France, Germany in joint call to freeze EU farm budget


Germany and France have agreed to keep the European Union farming budget at its current level, following a meeting between their agriculture ministers in Berlin on Wednesday (10 October).

Germany's Ilse Aigner and France's Stéphane Le Foll said they "support the Commission’s proposal to maintain the agricultural budget to the nominal level of 2013 for the period 2014-2020," the two ministers said in a joint statement.

Germany is the largest contributor to the European Union's budget and France the largest beneficiary of farm subsidies under the Common Agricultural Policy (CAP), which today makes up about 40% of the bloc’s total budget.

The announcement comes at a decisive moment, with European ministers meeting in Brussels next week to hash out the 2014-2020 multi-annual financial framework (MFF).

Aigner and Le Foll announced the necessity for their countries to continue with close and trustful relations during the final stages of negotiations over CAP reform and the MFF.

Amid calls from Britain and Poland – and others – to make cuts to agriculture, the two ministers "expressed their opposition to the proposal by some member states to reduce the resources of the [CAP's] first pillar", which supports farmers' income with direct payments.

‘Leveling’ of direct aid

The ministers said they may agree to some convergence between member states in the level of direct payments to farmers, provided it was "reasonable and progressive".

The EU executive had proposed a system of convergence to reduce income disparities between farmers in Western and Eastern Europe. Since France receives the biggest slice of the CAP, its farmers could see up to a 7% drop in funding, according to the Commission's proposal.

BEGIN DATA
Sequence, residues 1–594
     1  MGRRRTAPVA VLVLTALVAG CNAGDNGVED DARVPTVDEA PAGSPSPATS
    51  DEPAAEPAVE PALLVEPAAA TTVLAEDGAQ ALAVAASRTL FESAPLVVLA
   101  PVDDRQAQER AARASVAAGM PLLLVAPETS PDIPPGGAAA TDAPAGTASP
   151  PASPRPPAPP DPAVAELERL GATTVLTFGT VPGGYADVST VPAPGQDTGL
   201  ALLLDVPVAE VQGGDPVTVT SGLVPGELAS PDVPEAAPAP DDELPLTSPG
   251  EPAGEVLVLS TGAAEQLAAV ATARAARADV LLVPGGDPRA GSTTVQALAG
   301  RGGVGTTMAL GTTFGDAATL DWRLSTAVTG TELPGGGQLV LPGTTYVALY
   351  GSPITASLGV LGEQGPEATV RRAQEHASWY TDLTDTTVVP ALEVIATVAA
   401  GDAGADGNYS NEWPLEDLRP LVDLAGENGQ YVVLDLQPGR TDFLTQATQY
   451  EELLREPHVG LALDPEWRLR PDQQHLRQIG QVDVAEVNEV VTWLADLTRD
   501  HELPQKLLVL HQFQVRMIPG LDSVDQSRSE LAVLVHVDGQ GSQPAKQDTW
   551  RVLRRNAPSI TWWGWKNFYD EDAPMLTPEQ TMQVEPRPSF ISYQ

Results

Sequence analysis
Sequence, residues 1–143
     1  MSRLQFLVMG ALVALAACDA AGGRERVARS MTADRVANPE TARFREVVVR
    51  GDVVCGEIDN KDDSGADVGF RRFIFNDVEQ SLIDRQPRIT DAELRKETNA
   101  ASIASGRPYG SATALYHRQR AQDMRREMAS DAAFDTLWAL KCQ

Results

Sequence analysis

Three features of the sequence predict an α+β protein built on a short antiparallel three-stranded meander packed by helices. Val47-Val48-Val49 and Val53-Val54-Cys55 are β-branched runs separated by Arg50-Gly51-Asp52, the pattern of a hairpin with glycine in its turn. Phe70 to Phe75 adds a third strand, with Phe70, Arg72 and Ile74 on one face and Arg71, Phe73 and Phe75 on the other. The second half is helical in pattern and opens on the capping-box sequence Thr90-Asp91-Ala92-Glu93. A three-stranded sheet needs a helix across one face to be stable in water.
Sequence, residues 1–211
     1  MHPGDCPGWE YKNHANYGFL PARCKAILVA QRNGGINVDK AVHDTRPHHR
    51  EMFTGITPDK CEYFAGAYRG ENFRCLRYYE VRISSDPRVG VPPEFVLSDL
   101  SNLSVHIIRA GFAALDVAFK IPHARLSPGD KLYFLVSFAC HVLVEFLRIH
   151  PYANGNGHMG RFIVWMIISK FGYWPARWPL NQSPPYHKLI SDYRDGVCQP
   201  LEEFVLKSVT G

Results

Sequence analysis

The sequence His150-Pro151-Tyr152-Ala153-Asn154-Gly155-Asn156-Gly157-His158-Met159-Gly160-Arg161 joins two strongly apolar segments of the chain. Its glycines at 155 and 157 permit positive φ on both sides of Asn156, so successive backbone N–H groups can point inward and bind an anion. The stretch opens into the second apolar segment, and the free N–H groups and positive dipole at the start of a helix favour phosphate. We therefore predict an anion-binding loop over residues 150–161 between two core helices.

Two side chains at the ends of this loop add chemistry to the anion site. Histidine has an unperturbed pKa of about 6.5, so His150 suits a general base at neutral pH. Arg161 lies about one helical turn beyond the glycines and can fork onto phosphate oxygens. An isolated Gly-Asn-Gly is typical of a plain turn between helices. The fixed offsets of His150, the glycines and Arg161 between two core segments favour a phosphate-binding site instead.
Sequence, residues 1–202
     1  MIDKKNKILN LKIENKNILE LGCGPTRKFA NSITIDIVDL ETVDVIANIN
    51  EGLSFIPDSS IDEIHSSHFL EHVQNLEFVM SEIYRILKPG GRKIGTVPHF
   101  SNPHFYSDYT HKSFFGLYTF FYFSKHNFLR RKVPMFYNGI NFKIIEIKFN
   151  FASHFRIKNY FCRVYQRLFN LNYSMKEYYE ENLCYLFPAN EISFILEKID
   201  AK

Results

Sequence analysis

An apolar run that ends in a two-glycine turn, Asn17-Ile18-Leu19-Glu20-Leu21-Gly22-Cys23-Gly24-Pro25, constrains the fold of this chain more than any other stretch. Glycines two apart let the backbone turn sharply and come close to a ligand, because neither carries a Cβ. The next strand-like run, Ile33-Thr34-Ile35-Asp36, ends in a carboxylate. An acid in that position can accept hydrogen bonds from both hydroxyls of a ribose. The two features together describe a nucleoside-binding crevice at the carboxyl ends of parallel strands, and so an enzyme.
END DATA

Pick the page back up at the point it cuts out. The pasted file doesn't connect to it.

The ministers said they supported a “strong” CAP, since it was important for growth, employment, environment and innovation in Europe’s rural areas and for the participation of Europe in the global food balance.

And while they support the Commission's drive for greener farming, they asked for flexible policies. "The ministers request that an agriculturally sustainable use of areas of ecological interest may be possible", the statement said.

The two ministers also called on the EU to protect in an “aggressive way” its agricultural interests in the face of globalisation in its commercial relations. 

At around €53 billion a year, the Common Agricultural Policy (CAP) currently represents some 40% of the EU's long-term budget for 2007-2013

In its proposal for the 2014-2020 budget period, tabled in June 2011, the European Commission proposed freezing farm spending at its 2013 level.

Of the €371.72 billion allocated to the CAP, €281.8 billion is earmarked for direct payments and market measures in support of farmers (Pillar 1) – down from €289 billion in the current budget. The rest of the CAP budget (€89.9 billion) is earmarked for rural development (Pillar 2) – a decrease from the current €96 billion.

  • 16 October: World Food Day meeting in Rome
  • By end 2012: EU heads of states are expected to reach agreement on the EU's next multi-annual budget, including farm policy.
  • 21 January 2013: German and French ministries participate in seminar on the future of the rural world and agriculture in Berlin.
  • 26 February 2013: German and French ministries participate in seminar on the future of the rural world and agriculture in Paris.

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